The Conservancy’s prescribed fire team had another banner year in 2009, participating in more than 40 burns on a total of 18,151 acres around the state. According to Larry Belles, fire manager for The Nature Conservancy of Texas, the scope of the team’s work is indicative of the widespread acceptance of prescribed fire as an effective conservation tool.
“One of our primary goals is to increase awareness of the value of prescribed fire by doing burns across the state in a wide variety of habitats, from prairies to pinelands and from the West Texas mountains to the coastal plains,” Belles said.
The use of fire as a land-management tool dates back centuries—anthropologists believe Native American tribes regularly burned the Texas plains to foster the growth of new vegetation and to facilitate hunting.
Today, prescribed fire provides innumerable benefits to people and wildlife, from increasing water quality in our rivers and improving wildlife habitat to controlling the spread of invasive species and reducing the risks of dangerous wildfires.
With its dual emphasis on science and safety, the Texas prescribed fire team has become a model for other organizations interested in this effective tool. Last year, the team participated in three fire learning exchanges with partners from Mexico, and in the spring of 2009, the Conservancy hosted representatives from Mexico and China at a prescribed fire at Clive Runnells Family Mad Island Marsh Preserve.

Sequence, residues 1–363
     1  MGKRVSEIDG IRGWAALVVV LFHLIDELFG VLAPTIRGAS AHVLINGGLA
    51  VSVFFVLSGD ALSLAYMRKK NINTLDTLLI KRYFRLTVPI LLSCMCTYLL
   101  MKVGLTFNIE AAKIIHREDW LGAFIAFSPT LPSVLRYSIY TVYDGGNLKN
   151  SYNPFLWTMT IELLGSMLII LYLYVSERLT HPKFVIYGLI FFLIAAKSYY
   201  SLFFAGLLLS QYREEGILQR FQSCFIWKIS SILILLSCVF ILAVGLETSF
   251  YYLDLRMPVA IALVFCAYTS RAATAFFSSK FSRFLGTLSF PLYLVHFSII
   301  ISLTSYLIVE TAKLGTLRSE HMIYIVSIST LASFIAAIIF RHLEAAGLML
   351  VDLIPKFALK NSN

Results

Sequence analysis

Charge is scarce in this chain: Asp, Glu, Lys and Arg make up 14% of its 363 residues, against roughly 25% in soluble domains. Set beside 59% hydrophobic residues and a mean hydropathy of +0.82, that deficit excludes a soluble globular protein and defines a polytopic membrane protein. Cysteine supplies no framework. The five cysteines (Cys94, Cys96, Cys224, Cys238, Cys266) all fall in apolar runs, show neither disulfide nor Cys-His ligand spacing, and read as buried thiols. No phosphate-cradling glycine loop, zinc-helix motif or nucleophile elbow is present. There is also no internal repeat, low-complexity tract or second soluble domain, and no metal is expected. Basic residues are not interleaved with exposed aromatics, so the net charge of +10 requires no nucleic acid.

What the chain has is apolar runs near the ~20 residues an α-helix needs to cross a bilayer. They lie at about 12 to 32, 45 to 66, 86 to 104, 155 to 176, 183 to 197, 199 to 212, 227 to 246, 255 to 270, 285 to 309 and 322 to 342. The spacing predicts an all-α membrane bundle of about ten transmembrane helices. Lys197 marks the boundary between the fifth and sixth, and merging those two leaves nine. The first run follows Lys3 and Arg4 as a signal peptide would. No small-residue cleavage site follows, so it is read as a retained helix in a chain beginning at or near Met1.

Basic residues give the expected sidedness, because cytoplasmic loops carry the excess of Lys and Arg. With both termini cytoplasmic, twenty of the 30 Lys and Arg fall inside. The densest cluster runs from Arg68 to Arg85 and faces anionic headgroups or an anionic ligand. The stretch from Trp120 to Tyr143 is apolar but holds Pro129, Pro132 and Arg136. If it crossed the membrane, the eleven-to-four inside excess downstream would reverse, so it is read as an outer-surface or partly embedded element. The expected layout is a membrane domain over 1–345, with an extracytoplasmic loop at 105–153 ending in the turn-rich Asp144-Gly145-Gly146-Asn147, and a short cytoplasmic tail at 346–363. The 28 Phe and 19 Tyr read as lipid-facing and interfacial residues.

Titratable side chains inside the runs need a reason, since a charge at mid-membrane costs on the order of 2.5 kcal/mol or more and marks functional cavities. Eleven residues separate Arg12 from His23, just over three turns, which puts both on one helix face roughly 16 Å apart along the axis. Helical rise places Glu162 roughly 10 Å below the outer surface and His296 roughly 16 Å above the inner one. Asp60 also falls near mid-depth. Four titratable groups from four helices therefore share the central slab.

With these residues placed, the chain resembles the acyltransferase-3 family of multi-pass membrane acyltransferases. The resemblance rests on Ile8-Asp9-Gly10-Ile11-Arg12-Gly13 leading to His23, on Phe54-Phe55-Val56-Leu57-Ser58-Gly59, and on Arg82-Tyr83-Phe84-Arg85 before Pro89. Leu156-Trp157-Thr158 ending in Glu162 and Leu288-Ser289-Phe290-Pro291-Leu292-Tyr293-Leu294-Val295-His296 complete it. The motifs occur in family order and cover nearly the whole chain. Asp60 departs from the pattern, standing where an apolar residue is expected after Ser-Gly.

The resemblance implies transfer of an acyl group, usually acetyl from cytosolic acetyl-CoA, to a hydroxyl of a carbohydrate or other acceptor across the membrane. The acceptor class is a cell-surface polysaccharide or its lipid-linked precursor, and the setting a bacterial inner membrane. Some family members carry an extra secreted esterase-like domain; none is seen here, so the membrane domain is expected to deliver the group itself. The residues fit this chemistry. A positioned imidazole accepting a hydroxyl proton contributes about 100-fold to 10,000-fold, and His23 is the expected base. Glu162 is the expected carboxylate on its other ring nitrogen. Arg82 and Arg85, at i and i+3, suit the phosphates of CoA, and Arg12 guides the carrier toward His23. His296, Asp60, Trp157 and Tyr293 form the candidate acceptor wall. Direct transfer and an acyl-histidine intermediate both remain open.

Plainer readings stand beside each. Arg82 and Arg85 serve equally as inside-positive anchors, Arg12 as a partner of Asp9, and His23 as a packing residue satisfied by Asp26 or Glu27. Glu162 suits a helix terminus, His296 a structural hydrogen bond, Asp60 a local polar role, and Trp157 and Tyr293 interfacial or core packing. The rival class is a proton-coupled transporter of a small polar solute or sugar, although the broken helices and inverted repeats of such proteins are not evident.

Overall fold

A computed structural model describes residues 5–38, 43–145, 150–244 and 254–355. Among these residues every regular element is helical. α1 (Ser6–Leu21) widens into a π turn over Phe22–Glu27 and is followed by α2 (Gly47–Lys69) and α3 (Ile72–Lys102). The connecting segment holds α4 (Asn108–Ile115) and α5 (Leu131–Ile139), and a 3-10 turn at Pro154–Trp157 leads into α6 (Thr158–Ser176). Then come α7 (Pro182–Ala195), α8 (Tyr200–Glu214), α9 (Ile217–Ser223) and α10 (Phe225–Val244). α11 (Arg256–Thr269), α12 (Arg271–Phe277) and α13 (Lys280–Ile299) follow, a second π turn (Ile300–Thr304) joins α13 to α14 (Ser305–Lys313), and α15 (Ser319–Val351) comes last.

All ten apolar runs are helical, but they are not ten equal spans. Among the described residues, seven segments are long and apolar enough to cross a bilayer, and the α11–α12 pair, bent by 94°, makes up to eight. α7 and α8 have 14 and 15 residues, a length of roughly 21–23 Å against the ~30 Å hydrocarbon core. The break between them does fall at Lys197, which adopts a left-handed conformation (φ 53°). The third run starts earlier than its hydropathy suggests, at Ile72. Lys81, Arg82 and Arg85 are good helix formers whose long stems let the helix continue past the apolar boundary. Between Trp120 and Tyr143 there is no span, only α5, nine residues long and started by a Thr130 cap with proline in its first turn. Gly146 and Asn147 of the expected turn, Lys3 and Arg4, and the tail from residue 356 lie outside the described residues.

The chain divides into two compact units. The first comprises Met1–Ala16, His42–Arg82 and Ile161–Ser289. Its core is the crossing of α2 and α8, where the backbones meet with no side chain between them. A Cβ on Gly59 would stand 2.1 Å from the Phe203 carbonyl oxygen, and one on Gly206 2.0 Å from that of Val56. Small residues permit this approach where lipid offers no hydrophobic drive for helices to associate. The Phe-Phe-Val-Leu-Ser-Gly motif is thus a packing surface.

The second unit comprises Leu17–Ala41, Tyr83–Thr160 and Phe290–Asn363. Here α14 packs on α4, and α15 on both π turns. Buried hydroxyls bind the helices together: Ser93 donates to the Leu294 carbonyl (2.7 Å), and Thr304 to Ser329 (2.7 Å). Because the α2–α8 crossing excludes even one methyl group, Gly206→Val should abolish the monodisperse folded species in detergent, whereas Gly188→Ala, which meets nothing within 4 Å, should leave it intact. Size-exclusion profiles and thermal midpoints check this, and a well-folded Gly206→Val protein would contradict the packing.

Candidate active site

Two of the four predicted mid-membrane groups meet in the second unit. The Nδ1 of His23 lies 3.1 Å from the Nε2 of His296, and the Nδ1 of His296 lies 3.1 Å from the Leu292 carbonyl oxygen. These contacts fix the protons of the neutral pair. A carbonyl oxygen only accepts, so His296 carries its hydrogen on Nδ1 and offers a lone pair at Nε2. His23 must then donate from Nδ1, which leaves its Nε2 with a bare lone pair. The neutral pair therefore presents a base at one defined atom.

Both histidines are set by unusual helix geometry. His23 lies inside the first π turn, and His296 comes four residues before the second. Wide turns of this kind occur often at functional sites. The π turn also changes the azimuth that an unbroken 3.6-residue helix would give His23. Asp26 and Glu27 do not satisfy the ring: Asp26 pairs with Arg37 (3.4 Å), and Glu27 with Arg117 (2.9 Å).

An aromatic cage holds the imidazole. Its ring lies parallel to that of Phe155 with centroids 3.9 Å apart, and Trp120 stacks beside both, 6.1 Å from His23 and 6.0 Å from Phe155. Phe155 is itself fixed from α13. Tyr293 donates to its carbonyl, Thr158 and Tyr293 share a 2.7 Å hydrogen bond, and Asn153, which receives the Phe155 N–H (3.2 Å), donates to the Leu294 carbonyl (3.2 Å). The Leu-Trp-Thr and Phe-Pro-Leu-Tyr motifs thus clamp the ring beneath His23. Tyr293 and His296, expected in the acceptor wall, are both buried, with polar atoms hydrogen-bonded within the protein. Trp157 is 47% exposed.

Although widely used throughout the United States as a conservation tool, controlled burning is not commonly used in many countries, including Mexico. Environmental officials in Tamaulipas are interested in learning more about the use of prescribed fire in their region, which closely mirrors the ecology and biological diversity of South Texas.
The visiting Chinese officials were studying how prescribed fires might benefit red-crowned cranes. This endangered species is found in Eastern China and is closely related to North America’s whooping crane, which winters along the Gulf Coast in just a few places.
In recognition of its record of success, the prescribed fire team recently received $133,000 in funding from the U.S. Fish and Wildlife Service, which will be used to conduct additional burns on public and private lands throughout the state.March 03, 2011